abstract = "Summative Statement: A preliminary framework for participatory design projects (PDP) was developed based on a retrospective analysis of five PDPs across different industries. The framework may serve as a guidance for planning and conducting PDPs. Problem statement: A growing number of experiences with participatory design or participatory ergonomics projects have been gained within the field of macro-ergonomics. It is suggested that the Participatory Ergonomics Framework (PEF) validated by Haines et al. (2002) needs to be updated based on these experiences and hence more focussed on design activities. Research Objective / Question: The objective of this study was to update and design-orient the PEF based on experiences with PDPs within the last ten years. Methodology: Five participatory design projects across different industries were systematically analyzed and compared in order to develop a framework pointing to supportive theory and practical guidance for ergonomics practitioners. The five PDPs were based in the following industries: construction, public service, food processing, and two healthcare projects. The starting point for the analysis was the notion of work systems meeting each other in the intervention into design projects by ergonomists/researchers. Results: The nine dimensions and categories in the framework by Haines et al. (2002) are still relevant. However, they are not entirely oriented towards design projects and the framework do not include the dynamics between the ergonomist/researcher and the design activities going on in a company. It is suggested to add the following dimensions to the PEF: Involved work systems, type of interaction between the ergonomist work system and the company design work systems, transfer and integration of results from PDPs into the overall design project in the company. Discussion: The proposed update of the PEF introduces a dynamic understanding of PDPs by the notion that PDP’s may be seen as interactions between different work systems, including those of the ergonomist/researcher, company designers, consultants, and technology suppliers. By an initial mapping the relevant work systems, the intervention by ergonomists may be better planned and better ensure a real impact on the overall design project. This is of importance because many PDPs have an intermittent and temporary character. The notion of interaction between different work systems also allows for theories on how ergonomists/researchers can impact design projects by facilitating participatory schemes. Conclusions: This study suggested an updating of the PEF in order to include the dynamics between an ergonomist work systems with its own goals and rationale and a number of company work systems involved in design projects and having other goals and rationales. The updated framework are aimed at guidance in planning and conduction PDPs.",
author = "Ole Broberg and {Souza da Concei{\cc}{\~a}o}, Carolina",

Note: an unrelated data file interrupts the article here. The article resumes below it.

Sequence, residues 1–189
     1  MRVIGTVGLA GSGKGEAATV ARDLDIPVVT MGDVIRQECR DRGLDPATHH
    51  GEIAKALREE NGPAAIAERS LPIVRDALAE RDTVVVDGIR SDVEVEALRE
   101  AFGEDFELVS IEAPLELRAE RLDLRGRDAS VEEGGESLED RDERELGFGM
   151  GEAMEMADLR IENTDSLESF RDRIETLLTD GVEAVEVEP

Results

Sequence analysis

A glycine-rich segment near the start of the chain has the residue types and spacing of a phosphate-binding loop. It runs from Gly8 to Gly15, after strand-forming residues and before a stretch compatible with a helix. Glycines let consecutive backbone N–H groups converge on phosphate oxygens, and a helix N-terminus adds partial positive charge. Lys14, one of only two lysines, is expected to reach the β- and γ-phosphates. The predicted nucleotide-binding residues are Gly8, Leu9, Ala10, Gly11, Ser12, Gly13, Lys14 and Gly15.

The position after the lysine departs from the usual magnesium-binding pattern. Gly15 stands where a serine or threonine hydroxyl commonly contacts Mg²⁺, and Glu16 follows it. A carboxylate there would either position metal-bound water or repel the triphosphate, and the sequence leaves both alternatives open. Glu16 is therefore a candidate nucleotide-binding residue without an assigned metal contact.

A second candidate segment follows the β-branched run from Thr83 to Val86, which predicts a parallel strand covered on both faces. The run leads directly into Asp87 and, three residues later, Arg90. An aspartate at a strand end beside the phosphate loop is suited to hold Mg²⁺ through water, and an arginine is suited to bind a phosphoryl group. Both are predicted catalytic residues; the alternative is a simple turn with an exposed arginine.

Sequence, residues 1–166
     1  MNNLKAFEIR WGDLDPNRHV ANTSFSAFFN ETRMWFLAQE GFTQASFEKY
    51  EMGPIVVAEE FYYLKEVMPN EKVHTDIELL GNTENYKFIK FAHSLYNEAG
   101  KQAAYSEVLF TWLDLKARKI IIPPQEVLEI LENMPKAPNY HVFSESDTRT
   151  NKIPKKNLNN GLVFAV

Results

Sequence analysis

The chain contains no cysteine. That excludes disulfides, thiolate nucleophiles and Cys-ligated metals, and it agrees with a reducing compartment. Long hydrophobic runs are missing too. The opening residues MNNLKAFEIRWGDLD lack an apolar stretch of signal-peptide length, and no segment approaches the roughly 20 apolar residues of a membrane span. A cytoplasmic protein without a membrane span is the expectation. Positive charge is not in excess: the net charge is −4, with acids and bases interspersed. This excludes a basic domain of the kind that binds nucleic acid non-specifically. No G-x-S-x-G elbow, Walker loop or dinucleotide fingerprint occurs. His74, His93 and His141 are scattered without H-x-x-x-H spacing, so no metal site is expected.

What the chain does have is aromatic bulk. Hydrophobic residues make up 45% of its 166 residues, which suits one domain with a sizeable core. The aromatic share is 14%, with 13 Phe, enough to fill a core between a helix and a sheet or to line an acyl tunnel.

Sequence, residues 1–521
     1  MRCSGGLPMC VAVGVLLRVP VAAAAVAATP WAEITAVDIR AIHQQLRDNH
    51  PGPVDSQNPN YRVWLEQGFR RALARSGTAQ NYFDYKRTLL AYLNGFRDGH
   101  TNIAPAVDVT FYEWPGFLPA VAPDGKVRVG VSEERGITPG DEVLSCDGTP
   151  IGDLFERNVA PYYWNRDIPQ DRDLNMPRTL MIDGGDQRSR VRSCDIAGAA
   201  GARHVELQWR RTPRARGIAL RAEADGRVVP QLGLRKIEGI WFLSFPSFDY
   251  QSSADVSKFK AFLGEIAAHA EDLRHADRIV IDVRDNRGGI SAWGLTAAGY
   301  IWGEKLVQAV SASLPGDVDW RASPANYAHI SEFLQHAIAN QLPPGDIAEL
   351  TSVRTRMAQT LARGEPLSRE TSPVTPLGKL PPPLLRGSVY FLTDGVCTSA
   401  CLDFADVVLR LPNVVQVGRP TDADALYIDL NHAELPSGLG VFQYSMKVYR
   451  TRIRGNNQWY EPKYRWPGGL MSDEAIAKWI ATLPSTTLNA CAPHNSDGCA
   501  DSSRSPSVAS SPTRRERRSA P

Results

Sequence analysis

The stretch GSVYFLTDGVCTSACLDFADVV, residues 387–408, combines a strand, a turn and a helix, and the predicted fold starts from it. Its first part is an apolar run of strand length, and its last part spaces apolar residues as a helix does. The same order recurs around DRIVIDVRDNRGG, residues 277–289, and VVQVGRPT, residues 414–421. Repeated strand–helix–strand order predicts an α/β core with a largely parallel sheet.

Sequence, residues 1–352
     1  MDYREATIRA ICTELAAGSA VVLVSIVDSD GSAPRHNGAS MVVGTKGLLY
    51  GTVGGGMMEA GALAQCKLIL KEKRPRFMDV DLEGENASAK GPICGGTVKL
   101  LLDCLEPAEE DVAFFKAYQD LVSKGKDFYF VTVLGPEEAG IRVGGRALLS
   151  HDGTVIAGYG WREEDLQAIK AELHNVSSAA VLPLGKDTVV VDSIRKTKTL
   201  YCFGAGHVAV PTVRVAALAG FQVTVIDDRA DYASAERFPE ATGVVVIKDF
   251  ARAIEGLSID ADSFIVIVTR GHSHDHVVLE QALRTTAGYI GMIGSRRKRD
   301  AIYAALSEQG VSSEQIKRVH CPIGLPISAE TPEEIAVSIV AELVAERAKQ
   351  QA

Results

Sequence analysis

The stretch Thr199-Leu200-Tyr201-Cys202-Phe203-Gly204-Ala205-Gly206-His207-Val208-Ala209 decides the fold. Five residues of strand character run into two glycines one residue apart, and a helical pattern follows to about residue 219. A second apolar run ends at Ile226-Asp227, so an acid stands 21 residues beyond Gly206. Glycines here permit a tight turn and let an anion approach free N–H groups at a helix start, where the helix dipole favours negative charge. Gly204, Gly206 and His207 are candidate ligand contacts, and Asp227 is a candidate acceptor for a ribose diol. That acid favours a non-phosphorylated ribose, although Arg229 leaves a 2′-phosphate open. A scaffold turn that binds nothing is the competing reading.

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Broberg, O & Souza da Conceição, C 2017, Learning from participatory design projects across industries. in Conference Proceedings of 12th International Symposium on Human Factors in Organizational Design and Management. pp. 426-427, 12th International Symposium on Human Factors in Organizational Design and Management, Banff, Canada, 31/07/2017.

Learning from participatory design projects across industries. / Broberg, Ole; Souza da Conceição, Carolina.

Conference Proceedings of 12th International Symposium on Human Factors in Organizational Design and Management. 2017. p. 426-427.

Research output: Chapter in Book/Report/Conference proceedingArticle in proceedingsResearchpeer-review

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N2 - Summative Statement: A preliminary framework for participatory design projects (PDP) was developed based on a retrospective analysis of five PDPs across different industries. The framework may serve as a guidance for planning and conducting PDPs. Problem statement: A growing number of experiences with participatory design or participatory ergonomics projects have been gained within the field of macro-ergonomics. It is suggested that the Participatory Ergonomics Framework (PEF) validated by Haines et al. (2002) needs to be updated based on these experiences and hence more focussed on design activities. Research Objective / Question: The objective of this study was to update and design-orient the PEF based on experiences with PDPs within the last ten years. Methodology: Five participatory design projects across different industries were systematically analyzed and compared in order to develop a framework pointing to supportive theory and practical guidance for ergonomics practitioners. The five PDPs were based in the following industries: construction, public service, food processing, and two healthcare projects. The starting point for the analysis was the notion of work systems meeting each other in the intervention into design projects by ergonomists/researchers. Results: The nine dimensions and categories in the framework by Haines et al. (2002) are still relevant. However, they are not entirely oriented towards design projects and the framework do not include the dynamics between the ergonomist/researcher and the design activities going on in a company. It is suggested to add the following dimensions to the PEF: Involved work systems, type of interaction between the ergonomist work system and the company design work systems, transfer and integration of results from PDPs into the overall design project in the company. Discussion: The proposed update of the PEF introduces a dynamic understanding of PDPs by the notion that PDP’s may be seen as interactions between different work systems, including those of the ergonomist/researcher, company designers, consultants, and technology suppliers. By an initial mapping the relevant work systems, the intervention by ergonomists may be better planned and better ensure a real impact on the overall design project. This is of importance because many PDPs have an intermittent and temporary character. The notion of interaction between different work systems also allows for theories on how ergonomists/researchers can impact design projects by facilitating participatory schemes. Conclusions: This study suggested an updating of the PEF in order to include the dynamics between an ergonomist work systems with its own goals and rationale and a number of company work systems involved in design projects and having other goals and rationales. The updated framework are aimed at guidance in planning and conduction PDPs.

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Broberg O, Souza da Conceição C. Learning from participatory design projects across industries. In Conference Proceedings of 12th International Symposium on Human Factors in Organizational Design and Management. 2017. p. 426-427